[Source: Migration Information Source April 15, 2015]
Assessing the Political Impact of Immigration as the United Kingdom Heads to the Polls
The United Kingdom has faced changing immigration patterns over the last two decades driven largely by EU migration, and political upheaval caused by the rise of the United Kingdom Independence Party and the Scottish National Party. Upcoming general elections in May 2015 will have a significant impact not only on immigration policies but the United Kingdom’s place in the European Union.
Immigrant Women in the United States
Immigrant women constitute a varied and dynamic population in the United States with 51 percent or 21.2 million of the country’s total foreign-born population. Examining key gender-based socioeconomic indicators from origin and fertility to educational attainment and immigration status, this Spotlight raises implications for sending and receiving countries, with respect to labor opportunities, family structure, gender roles, and more.
[Source: Migration Information Source April 2, 2015]
A new Issue in Brief, Women’s Labour Migration from Asia and the Pacific: Opportunities and Challenges, shines a light on female migrant workers in the region, examining the many factors behind their movement and the significant financial and social impacts they have on both their countries of origin and destination.
The brief also examines the legal and policy context that surrounds the gendered nature of migration flows, including the nonrecognition of domestic work under labor laws in many countries, and identifies key areas for action. The brief, by Bandita Sijapati, Research Director at the Centre for the Study of Labour and Mobility (CESLAM) at the Social Science Baha in Kathmandu, argues that because women migrant workers are increasingly making autonomous decisions to migrate to provide for themselves and their families, substantial efforts should be undertaken to ensure their rights and welfare while improving the benefits of migration for all involved.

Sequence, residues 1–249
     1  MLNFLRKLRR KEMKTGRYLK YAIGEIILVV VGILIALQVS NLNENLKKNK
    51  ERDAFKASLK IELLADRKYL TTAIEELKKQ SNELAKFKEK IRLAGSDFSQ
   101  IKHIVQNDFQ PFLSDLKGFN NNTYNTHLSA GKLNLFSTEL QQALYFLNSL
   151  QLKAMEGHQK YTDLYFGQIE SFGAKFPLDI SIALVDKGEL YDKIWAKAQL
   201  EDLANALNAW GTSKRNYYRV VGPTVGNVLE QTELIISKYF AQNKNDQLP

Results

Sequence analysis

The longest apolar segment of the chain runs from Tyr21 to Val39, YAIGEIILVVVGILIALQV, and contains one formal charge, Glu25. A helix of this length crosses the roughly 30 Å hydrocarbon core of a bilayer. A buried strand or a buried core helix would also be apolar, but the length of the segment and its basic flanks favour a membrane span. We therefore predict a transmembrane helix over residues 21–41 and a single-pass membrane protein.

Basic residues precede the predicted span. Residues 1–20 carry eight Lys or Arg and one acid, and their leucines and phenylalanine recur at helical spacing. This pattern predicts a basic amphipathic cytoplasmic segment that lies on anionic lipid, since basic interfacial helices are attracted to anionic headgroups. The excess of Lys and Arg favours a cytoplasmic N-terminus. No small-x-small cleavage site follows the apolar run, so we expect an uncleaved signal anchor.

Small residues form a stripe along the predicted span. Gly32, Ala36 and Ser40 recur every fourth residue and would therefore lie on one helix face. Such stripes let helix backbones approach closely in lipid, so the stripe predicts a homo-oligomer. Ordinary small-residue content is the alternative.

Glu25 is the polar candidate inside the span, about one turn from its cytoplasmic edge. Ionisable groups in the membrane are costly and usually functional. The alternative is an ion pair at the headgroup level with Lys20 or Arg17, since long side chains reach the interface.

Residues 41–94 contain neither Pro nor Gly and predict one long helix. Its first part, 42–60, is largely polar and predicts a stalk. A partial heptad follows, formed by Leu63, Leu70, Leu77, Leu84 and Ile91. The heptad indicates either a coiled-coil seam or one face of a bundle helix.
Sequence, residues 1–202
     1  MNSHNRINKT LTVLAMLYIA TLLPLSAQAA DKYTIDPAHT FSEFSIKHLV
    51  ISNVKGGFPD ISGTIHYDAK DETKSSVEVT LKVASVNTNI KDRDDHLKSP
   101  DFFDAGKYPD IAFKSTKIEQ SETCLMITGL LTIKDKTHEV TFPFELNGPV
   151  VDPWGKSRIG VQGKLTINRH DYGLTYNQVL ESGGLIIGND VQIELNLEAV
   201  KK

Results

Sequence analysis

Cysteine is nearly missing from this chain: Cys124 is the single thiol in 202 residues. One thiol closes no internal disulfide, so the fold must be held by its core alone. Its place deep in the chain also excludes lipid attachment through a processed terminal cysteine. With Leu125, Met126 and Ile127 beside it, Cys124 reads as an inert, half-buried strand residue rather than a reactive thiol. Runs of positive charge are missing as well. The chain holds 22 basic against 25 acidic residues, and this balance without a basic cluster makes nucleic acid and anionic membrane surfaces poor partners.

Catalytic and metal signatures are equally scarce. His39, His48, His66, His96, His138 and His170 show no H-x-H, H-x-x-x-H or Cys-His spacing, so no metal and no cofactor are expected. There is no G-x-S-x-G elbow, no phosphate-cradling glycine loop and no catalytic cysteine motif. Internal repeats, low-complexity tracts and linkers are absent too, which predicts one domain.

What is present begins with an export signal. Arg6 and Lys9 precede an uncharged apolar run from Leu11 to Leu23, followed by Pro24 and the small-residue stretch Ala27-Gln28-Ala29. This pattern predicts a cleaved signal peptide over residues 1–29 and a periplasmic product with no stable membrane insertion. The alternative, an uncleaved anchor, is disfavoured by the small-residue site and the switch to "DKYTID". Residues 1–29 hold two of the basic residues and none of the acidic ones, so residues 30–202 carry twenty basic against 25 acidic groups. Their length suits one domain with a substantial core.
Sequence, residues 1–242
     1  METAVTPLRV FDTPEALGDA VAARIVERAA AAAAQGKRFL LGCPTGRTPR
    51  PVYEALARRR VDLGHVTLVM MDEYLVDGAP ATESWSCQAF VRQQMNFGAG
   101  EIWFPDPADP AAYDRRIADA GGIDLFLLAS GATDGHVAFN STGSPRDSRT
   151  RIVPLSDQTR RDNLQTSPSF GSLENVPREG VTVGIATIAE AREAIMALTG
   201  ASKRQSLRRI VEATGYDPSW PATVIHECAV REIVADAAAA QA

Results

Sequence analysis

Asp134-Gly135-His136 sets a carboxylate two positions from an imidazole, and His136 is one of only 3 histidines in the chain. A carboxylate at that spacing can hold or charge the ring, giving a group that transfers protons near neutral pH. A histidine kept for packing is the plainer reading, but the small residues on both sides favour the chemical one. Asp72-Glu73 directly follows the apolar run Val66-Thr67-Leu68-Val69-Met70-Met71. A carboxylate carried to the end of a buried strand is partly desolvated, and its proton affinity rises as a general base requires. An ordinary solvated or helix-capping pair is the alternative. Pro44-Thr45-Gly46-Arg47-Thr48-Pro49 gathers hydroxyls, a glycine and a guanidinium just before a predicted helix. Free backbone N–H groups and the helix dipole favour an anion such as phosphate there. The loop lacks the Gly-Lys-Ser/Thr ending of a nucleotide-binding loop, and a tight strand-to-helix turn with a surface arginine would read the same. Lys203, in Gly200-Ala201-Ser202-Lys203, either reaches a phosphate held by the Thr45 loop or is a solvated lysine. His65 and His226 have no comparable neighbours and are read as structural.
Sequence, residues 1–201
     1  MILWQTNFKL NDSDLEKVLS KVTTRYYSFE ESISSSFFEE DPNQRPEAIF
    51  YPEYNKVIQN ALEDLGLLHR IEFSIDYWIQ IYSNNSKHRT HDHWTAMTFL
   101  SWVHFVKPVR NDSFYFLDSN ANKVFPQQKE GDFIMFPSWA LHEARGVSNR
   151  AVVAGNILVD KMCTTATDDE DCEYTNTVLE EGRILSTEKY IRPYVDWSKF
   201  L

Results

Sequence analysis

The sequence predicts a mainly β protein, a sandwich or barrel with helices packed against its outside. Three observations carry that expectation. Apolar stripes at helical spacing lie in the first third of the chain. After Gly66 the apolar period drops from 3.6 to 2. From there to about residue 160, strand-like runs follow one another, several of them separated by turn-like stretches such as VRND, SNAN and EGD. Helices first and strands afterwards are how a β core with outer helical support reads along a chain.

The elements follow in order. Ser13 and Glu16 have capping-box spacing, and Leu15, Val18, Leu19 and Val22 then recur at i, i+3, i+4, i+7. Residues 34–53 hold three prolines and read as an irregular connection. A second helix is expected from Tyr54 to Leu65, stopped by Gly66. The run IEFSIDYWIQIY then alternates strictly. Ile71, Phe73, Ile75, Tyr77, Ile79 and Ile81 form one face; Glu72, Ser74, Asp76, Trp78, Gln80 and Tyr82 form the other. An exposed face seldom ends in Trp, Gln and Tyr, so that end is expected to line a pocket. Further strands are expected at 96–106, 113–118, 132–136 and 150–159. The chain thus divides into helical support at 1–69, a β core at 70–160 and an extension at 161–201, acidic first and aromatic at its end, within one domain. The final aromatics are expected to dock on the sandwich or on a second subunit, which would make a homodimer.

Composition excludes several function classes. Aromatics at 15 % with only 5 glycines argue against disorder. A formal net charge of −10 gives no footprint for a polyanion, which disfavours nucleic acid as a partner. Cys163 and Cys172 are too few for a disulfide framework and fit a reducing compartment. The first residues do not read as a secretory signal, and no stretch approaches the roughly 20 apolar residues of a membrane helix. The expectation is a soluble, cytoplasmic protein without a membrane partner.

This issue in brief is the twelfth in a series by the Migration Policy Institute and the International Organization for Migration’s Regional Office for Asia and the Pacific. The series offers succinct insights on migration issues affecting the Asia-Pacific region today. To read earlier briefs in the series, visit: www.migrationpolicy.org/programs/migrants-migration-and-development.
Society for the Teaching of Psychology
The Society for the Teaching of Psychology is a great find for anyone teaching this essential social science in high school, community college, or four year higher educational institutions – or for anyone with a passion for the topic. From the homepage, readers may survey the presidential welcome, or explore sections such as STP News and the GSTA (Graduate Student Teaching Association) Blog as ways to stay connected on the cutting edge practices currently used in psychology education. The Resources tab covers topics that range from diversity to teaching competencies. The Teaching Resources section is especially helpful, as it links to presentations, PDFs, and documents about a range of topics, all with the idea of informing educators. Date of publications vary from 1990 to present day, and cover topics like “Educating Students about Plagiarism” and “Psychology of Peace and Mass Violence — Instructional Resources.”
[Source: Scout Report, Volume 21, Number 12, March 27, 2015]